IMAGINE an exhibition of pueblo crafts. On one table is a yucca ring bas-ket made practically as it would have been a thousand years ago. On the next is a glossy black plate by Maria Martinez, one of the most famous examples of pueblo craft. Its technique was developed within the last twenty years. On the third is an embroidered "manta" from Acoma. Its diamond weave was used in the thirteenth century but the wool of its fabric was brought by the Spaniards in the seventeenth. The embroidery may have been learned then too but the red yarn, which accents its splendid dignity, was not plentiful until the railroads brought it from American cities.
Pueblo craft contains elements from all the ages and so do the pueblos themselves. A trip through these Indian villages of Arizona and New Mexico might lead us to Santa Clara on the Rio Grande with its electric lights and water hydrants. There we might see cars beside some houses and through modern glass windows we would glimpse well furnished kitchens and bedrooms. Yet the pottery sold in the market place would be in the ancient pueblo tradition and the church in the style of old Spain. A drive of less than a hundred miles would bring us to Taos, with terraced buildings out of the fourteenth century. If it were a feast day, we could see some village official in buckskins, which show that the pueblos once had much traffic with the "buffalo Indians" of the plains. Next we might jog across a desert to see the Hopi villages perched atop the once almost inaccessible Arizona mesas. On their rocky paths we could meet men in modern American dress, giving donkeys or "burros" introduced from Spain. They go to the corn fields which streak the valleys and where they cultivate varieties of maize which may date from 700 A.D.
The following study of pueblo crafts necessarily takes account of the influences which have played on these ancient villages, since their known history began in 300 A.D. It is never possible to isolate one product as in "true pueblo style," uninfluenced by whites or by other Indians. The crafts were and are living arts, developed to fill practical needs. In the course of their history, different phases of each have reached a peak, and there they have paused or dwindled until new materials, new tools, new ideas, or all three, produced a revival. Major changes usually came from the arrival of a different people. The relics show how the pueblos learned first from the south, then from the Spaniards, from the Navajo, Paiute, and Walapai, from the Plains Indians, and from White Americans.
The result was no mere copying, nor is it today. Each new resource was adjusted to the needs of pueblo life and combined with materials and ideas already in use. Thus Indian corn, coming to the pueblos from their southern neighbors, was adapted to suit their barren plateau. The variety grown by the Hopi became so strong and drought resistant that it is used by modern agricultural experts to strengthen the taller breeds of other climates. Pueblo embroidery, some say, has been learned from the whites. Yet its most unique and beautiful color schemes come from the days when native dyes were the blue of copper sulphate, black of iron, and yellow of ochre or rabbit brush. Its designs are sometimes those of the most ancient basketry, dating more than 1500 years ago. Even watercolor painting, with the most modern of materials, achieves the serenity and jewel-like brilliance of a pueblo ceremony.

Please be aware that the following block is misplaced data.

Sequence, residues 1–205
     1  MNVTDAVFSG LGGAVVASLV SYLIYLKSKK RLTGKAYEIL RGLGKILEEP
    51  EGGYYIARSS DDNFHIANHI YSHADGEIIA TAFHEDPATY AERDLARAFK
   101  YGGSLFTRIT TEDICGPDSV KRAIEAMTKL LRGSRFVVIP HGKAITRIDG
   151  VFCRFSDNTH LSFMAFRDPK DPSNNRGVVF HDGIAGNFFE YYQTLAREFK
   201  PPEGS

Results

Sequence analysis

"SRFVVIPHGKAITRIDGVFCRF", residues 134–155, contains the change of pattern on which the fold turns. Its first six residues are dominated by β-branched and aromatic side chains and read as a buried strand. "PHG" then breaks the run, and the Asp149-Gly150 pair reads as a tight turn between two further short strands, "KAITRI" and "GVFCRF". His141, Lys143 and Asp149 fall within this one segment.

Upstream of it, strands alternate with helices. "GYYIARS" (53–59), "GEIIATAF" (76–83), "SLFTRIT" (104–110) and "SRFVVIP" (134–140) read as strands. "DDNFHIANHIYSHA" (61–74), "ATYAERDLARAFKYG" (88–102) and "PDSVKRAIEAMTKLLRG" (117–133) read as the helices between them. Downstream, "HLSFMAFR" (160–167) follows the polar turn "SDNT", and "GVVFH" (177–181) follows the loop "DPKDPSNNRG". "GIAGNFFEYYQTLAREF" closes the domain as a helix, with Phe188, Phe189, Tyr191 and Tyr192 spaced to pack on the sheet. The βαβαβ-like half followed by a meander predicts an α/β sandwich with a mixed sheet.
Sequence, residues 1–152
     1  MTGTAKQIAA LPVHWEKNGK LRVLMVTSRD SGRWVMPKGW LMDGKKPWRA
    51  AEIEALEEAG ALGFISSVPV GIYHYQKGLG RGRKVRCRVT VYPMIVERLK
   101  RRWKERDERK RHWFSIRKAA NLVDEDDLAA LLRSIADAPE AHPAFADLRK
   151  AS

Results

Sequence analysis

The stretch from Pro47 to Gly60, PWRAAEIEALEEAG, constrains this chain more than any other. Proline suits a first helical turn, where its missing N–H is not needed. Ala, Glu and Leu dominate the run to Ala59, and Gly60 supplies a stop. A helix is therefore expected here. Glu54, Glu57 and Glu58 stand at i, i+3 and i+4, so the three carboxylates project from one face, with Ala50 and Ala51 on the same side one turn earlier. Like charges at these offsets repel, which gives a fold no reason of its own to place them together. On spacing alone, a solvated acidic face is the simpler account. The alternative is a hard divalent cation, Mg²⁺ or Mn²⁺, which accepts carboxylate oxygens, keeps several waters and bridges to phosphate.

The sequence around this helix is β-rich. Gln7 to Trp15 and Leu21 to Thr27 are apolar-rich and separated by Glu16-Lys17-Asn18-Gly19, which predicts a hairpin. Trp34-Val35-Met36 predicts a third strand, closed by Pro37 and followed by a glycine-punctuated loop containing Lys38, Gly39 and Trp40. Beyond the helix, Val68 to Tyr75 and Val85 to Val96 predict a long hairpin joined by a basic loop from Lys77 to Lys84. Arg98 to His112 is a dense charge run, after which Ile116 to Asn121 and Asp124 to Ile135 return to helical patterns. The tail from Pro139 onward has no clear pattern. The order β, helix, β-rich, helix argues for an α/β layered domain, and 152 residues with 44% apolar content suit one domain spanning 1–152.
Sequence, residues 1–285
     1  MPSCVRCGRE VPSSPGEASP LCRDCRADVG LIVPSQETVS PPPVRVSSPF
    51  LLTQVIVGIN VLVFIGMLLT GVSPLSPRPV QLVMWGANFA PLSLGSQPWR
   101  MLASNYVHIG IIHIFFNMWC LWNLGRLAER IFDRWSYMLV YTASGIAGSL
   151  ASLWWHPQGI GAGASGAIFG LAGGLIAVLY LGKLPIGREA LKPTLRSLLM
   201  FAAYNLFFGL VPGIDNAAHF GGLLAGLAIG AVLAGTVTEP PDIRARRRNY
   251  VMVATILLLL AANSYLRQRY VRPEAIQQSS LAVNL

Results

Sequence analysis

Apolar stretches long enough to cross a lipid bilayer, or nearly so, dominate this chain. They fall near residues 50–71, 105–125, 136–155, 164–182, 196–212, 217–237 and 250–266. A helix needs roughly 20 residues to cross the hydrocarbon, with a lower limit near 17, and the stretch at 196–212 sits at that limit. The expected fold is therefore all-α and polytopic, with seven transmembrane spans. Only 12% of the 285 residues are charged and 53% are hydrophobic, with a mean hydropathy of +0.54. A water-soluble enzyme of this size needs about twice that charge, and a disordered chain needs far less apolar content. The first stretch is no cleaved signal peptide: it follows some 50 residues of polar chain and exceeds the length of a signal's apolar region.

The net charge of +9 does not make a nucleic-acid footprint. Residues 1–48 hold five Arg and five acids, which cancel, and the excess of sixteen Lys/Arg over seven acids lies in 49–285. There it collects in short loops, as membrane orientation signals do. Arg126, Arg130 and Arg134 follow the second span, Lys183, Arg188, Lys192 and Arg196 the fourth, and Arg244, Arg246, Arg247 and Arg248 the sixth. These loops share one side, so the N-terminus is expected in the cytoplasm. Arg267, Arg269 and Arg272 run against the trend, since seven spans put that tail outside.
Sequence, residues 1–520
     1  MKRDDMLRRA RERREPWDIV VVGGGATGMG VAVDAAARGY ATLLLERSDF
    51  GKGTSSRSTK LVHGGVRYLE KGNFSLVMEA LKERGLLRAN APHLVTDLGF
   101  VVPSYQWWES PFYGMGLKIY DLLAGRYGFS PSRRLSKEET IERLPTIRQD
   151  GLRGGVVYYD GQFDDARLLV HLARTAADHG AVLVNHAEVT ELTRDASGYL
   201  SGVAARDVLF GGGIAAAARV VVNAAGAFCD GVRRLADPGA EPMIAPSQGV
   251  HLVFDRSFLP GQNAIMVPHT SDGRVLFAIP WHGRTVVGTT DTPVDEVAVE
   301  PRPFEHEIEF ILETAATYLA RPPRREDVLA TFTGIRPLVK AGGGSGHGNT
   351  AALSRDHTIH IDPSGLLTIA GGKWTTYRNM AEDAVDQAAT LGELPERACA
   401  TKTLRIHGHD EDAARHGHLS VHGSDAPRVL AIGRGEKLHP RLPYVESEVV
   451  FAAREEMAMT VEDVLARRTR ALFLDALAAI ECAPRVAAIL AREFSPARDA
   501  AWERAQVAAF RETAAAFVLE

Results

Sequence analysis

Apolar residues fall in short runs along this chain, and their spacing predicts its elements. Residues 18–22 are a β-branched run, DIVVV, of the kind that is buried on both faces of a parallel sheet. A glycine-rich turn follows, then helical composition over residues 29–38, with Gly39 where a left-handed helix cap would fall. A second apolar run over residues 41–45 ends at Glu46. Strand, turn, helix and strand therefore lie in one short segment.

Plate 1-1 a. The D' shaped apartment house of Pueblo Bonito.
Plate 1-1 b. A Mesa Verde cave dwelling.
The following pages do not attempt a complete history of pueblo crafts. That would require volumes and its early stages, particularly, would lead far into archaeology. Still, we miss much light and shade of the picture as seen today, unless we know something of the materials which have gone to make it. The outline below, therefore, gives the main stages in pueblo history, only telescoping some of the earlier ones for purposes of simplicity. The dates are those established by the modern science of tree rings, first worked out in the Southwest. This means counting the rings which a tree trunk adds to its growth every year, the new wood always at the outside. In wet years the new ring is thick, in dry ones, thin or absent. The general series is the same for all trees of one kind in one general locality. It is possible, therefore, to compare logs cut at different dates and finally to establish a tree calendar, stretching back even through the first century A.D. This work has been done in the pueblo country, where students have examined thousands of old charred timbers and related them to the scraps of pottery, string and dried corn found nearby. This has resulted in some definite dates for pueblo history as outlined below.
This marks the first steps of the ancestors of today's pueblo Indians in agriculture, pottery, and housebuilding. It finds a people known as the Basketmakers from their principal art, scattered in a wide radius around the "Four Corners" where the modern States of Arizona, New Mexico, Colorado, and Utah meet. These people wandered about hunting and seed gathering, but they also raised small ears of corn. During the period, new influences came from the mountains at the south, where lived a people a little more advanced in the arts than the Basketmakers. These influences crept in unevenly, but in some parts of the country appeared a "permanent" house, even though it was no more than a slab-sided pit roofed over with boughs. The Basketmakers took up the idea of pottery and began to work it out for themselves, though in the style of their mountain neighbors. They improved their corn; they raised squash and a few beans.